For once, the Obama Administration is doing something that will reduce government power and result in an increase in freedom. I think that’s why the response I have seen in the conservative blogosphere has been, like Ed Morrissey above, cautiously supportive.

    One of the few dissenters is Andrew McCarthy, who claims the President is abusing his power. I find this argument dubious coming from a big-time supporter of the unitary executive who has argued that the President has the power to start wars and torture people. But I especially find it dubious because the pardon power is one of the few instances where the President has unlimited ability to check the power of the judiciary and legislative branches. Presidents have used this power extensively in the past — Ford and Carter for draft dodgers, for exmaple. The language is pretty straight-forward.

    The President shall be Commander in Chief of the Army and Navy of the United States, and of the Militia of the several States, when called into the actual Service of the United States; he may require the Opinion, in writing, of the principal Officer in each of the executive Departments, upon any subject relating to the Duties of their respective Offices, and he shall have Power to Grant Reprieves and Pardons for Offenses against the United States, except in Cases of Impeachment.

    This is constitutional and permitted. The pardon power can be abused, certainly. Bill Clinton’s final days in office come to mind. But the President isn’t abrogating a law. He is considering — on a case by case basis — the sentences of people who are serving harsher sentences than they would if they were convicted today.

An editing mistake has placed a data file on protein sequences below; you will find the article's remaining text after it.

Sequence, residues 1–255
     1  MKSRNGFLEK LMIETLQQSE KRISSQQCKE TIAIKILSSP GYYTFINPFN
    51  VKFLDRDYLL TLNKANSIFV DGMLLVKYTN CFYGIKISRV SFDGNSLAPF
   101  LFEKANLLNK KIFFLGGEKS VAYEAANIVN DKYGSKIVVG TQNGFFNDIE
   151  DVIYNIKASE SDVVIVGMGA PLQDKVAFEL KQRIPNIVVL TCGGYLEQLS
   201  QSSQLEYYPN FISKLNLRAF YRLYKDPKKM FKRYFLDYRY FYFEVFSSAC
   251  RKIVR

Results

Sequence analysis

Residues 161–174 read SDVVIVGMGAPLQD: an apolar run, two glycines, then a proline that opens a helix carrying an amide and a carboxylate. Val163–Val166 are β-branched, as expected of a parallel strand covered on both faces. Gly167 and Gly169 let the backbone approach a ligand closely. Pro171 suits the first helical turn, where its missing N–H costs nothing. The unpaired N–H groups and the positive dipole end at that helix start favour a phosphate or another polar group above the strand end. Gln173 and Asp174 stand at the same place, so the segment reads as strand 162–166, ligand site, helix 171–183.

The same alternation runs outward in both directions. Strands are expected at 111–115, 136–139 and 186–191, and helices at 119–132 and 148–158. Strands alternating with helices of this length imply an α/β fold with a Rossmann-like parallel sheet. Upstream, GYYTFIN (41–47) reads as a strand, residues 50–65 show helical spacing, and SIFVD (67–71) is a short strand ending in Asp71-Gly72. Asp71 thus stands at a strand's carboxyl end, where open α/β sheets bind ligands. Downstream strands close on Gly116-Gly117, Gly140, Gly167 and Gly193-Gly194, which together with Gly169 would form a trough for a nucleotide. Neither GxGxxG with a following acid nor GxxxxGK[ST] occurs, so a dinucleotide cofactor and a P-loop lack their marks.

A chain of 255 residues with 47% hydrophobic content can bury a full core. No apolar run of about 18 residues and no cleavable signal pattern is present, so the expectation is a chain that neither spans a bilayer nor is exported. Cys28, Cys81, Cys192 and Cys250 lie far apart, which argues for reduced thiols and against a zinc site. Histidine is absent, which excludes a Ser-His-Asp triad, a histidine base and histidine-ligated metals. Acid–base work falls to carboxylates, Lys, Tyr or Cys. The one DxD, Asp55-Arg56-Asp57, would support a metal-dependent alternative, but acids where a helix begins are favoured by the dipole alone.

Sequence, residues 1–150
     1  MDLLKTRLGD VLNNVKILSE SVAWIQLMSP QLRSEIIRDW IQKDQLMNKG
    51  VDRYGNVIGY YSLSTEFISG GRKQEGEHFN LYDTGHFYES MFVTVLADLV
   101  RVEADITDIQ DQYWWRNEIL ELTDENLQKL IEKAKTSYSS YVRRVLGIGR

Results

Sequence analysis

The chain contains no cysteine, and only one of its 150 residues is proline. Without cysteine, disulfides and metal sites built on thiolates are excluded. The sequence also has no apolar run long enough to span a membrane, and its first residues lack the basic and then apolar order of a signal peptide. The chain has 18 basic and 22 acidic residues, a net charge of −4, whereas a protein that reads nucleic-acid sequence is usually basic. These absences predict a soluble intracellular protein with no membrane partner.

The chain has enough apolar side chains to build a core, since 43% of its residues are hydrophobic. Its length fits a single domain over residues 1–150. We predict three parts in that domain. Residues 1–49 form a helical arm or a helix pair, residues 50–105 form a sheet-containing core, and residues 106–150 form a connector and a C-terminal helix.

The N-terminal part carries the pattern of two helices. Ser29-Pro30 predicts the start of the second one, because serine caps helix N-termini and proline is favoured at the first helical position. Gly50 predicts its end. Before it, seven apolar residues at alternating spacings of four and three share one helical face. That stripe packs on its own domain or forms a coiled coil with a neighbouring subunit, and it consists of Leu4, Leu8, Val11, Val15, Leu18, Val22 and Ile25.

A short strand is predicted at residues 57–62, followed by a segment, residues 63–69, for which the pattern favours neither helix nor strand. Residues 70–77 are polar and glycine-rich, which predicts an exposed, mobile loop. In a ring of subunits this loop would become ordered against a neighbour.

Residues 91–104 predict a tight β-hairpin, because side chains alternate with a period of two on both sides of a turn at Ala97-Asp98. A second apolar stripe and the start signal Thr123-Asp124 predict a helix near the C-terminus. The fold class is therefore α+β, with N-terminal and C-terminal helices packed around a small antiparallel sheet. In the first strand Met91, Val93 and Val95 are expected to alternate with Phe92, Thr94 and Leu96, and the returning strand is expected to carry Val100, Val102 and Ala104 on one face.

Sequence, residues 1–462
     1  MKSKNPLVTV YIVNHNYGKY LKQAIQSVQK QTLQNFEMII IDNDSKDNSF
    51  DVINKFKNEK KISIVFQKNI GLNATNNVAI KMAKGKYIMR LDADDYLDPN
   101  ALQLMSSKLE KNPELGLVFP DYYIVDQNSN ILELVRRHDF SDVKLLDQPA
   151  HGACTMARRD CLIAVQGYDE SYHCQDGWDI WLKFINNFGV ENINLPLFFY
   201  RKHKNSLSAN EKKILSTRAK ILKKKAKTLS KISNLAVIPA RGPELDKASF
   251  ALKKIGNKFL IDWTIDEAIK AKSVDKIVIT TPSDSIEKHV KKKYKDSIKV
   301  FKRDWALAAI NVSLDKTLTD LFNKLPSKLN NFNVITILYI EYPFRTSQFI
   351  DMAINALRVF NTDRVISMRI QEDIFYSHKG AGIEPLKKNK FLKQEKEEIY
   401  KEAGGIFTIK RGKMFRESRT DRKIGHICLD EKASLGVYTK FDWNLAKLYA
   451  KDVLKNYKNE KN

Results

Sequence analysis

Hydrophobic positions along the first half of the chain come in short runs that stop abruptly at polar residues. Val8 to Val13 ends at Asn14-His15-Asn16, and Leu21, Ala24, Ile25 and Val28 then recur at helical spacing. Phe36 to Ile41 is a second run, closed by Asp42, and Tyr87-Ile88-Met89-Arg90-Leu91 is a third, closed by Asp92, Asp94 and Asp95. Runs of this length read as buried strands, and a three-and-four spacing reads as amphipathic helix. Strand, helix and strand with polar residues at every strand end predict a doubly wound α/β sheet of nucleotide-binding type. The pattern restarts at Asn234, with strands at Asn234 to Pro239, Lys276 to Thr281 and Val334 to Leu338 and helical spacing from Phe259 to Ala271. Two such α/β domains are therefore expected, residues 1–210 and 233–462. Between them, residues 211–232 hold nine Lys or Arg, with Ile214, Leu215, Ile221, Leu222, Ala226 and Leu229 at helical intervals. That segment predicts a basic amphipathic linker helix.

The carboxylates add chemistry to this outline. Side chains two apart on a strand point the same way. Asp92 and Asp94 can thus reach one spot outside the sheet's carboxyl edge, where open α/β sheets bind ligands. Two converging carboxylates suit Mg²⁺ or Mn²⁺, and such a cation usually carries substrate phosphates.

The more I look at this, the more it seems like a good idea. It’s a small step backward in the devastating War on Drugs our nation has been fighting for forty years. I don’t say this often but the President is doing the right thing.

    Drugs Are Still Bad, M’Kay?

    This weekend, we lost another celebrity to drugs. Philip Seymour Hoffman, a brilliant actor, OD’d on heroine. He left three kids behind.

    As you know, I am vehemently opposed to the War on Drugs. But this does not mean I approve of them. It means I think that the “cure” isn’t a cure at all and, to the extent that it is, is worse than the disease.

    But drugs can be vile things. Nicotine addiction destroys hearts and lungs and leaves everything smelling awful. Alcohol is good in moderation, but we have tens of millions of problem drinkers who, among other things, kill thousands of innocent people on our roads. Pot, which I’ve never used, seems OK in moderation but I do know people who’ve spent years just sitting on their couch, just working long enough to get the next joint.

    But it’s at the hard stuff where my libertarianism falters. Meth, coke, crack, heroine — these are simply awful things. It’s true that most people who try them won’t get addicted. But many do. And some end up like Hoffman, dead on the floor of a hotel room, decades of potential snuffed out and grieving families left behind. Heroine is particularly dangerous in this because the purity of it can vary, leading to accidental overdoses (it’s thought that Janis Joplin died because the heroine she was using was purer than she was used to).